SAFFIYAH EDOO

For weeks, we have watched videos, photos and statuses from our friends and families living abroad, on how they were coping with the outbreak of COVID-19 in their respective countries. As the surrealist situation unfolded, we could only get a glimpse of what was happening in their lives, without fully grasping its meaning and consequences until last Thursday. Life as we know it, has been upended, with consequential ripple effects. As days go by, the numbers keep on rising, the authorities keep on trying their best in implementing their reactive measures, and as citizens, we must help by abiding to the confinement rules and regulations that have been put in place. In times like these, the feeling of isolation and not being supported can wreak havoc on mental health, due to the drastic overnight change in routine. While we responsibly confine ourselves physically, we do not need to restrict ourselves in terms of moral support and help.

Many families have been used to the rush of the everyday routine: wake up, breakfast, get kids ready for crèche/schools, go to work or stay home, get kids back in the afternoon, get home, feed kids, and bedtime. While families have made this routine work, despite being hectic, many parents have welcomed the break from kids. It allowed parents to breathe, clear their heads, feel adult again, to be able to give the best of themselves when they get back to their kids. Many parents, who may have been overwhelmed by kids during the early years, but who have not dared speak up due to social pressure, now find themselves confined with kids, without any specific routine, without any warning. It is not unsurprising therefore that the feeling of confinement goes way beyond the physical space. Due to the circumstances of the confinement, it is also not unsurprising that parents start feeling a sense of dread should something happen to them.

There is no one-size-fits-all routine that can be applied to families in the circumstances we find ourselves in. Families vary, children are different from each other, children’s ages are a huge factor and parenting styles vary. Which is why the routine set for one family may not necessarily work for another. While some are focused on continuing a semblance of normalcy, with a routine of set hours for wake up, showers, schoolwork, and free time; others have adopted a more relaxed approach, with a focus on subtler learning. And when parents are sharing their models, they should not be bashed, for they know best what work for their families and should feel free to enforce what they are most comfortable with. Let’s not forget that while the circumstances may be dreadful, the gift of time that we have been given is non-negligible and each person is at liberty to dispose of that time as he/she may please.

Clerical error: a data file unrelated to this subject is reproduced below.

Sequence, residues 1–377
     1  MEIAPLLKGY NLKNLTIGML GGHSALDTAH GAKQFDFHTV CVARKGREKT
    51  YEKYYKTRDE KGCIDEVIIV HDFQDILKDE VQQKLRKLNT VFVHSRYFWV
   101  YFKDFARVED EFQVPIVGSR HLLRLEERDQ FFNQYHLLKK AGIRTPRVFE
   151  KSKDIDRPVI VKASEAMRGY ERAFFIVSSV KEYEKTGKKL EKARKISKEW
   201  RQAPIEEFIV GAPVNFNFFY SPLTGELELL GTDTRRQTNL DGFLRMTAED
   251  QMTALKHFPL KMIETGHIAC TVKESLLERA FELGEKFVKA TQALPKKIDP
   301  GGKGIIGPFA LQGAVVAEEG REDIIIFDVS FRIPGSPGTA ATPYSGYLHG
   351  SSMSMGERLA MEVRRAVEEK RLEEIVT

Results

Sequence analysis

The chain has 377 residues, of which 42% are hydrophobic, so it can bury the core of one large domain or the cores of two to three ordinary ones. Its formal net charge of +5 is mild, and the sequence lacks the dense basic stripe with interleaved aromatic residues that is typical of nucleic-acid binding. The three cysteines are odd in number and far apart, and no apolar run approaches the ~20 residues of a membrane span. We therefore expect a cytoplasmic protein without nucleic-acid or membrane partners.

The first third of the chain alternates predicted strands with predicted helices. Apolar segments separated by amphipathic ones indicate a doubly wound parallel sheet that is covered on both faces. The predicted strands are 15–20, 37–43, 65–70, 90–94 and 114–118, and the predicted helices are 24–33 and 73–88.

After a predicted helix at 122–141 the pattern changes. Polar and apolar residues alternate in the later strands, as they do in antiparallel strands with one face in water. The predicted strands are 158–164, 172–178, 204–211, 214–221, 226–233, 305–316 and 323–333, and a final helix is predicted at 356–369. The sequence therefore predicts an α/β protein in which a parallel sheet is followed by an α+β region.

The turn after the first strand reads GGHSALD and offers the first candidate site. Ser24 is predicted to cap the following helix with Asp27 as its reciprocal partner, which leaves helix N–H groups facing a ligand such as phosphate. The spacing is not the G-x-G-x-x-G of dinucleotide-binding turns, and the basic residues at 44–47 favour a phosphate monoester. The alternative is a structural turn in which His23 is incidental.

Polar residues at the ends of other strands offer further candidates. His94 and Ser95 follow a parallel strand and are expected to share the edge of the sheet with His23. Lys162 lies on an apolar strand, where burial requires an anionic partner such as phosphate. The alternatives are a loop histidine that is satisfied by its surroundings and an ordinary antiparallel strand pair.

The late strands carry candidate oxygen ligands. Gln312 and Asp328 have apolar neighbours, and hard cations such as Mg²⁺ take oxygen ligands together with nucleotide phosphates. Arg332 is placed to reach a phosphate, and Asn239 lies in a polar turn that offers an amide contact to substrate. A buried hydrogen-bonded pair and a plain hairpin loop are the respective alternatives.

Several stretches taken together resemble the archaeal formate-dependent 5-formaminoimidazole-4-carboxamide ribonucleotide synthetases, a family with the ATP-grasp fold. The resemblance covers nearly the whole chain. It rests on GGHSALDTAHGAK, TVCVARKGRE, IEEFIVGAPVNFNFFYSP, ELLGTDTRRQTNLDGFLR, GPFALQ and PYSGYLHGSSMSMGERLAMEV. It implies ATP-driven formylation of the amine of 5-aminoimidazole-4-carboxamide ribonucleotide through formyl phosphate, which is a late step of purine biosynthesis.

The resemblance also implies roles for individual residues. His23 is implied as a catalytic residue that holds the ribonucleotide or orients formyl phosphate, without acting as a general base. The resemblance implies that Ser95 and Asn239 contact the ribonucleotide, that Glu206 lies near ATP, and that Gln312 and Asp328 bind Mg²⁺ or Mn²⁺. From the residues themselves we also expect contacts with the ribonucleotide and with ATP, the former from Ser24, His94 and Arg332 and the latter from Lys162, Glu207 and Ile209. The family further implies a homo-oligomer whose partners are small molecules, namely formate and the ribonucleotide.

Our styles are different, but the core of parenting remains the same. Parenting is exhausting no matter what approach you take, and at the end of the day, we all need a break. While for some of us the idea of spending an indefinite period of time takes a toll on our mental health, for others, this can be seen as luxury for they are fighting other battles, such as violent partners or compromising living arrangements and environment alongside, which compounds the situation. For this reason, it is of utmost importance that mental health is also seen as a condition that needs to be fully supported in this period of national confinement.

As parents, unjudgmental empathy for different experiences speaks volumes, and reaching out only helps to alleviate the feeling of being alone in this kind of situation. Regional support groups, NGOs as well as well-intentioned individuals, who recognize the necessity for mental health support in this confinement situation have already shared important phone numbers and have allowed access to personal social media profiles to ease the anxiety of anyone who feels that his/her mental health is at risk. A deteriorating mental health is as invisible as the Covid-19, but it can be detected and supported given the right tools and the right environment. We may not be in a position to offer physical help right now, but our inbox and our empathy are at the ready for anyone feeling under the weather mentally.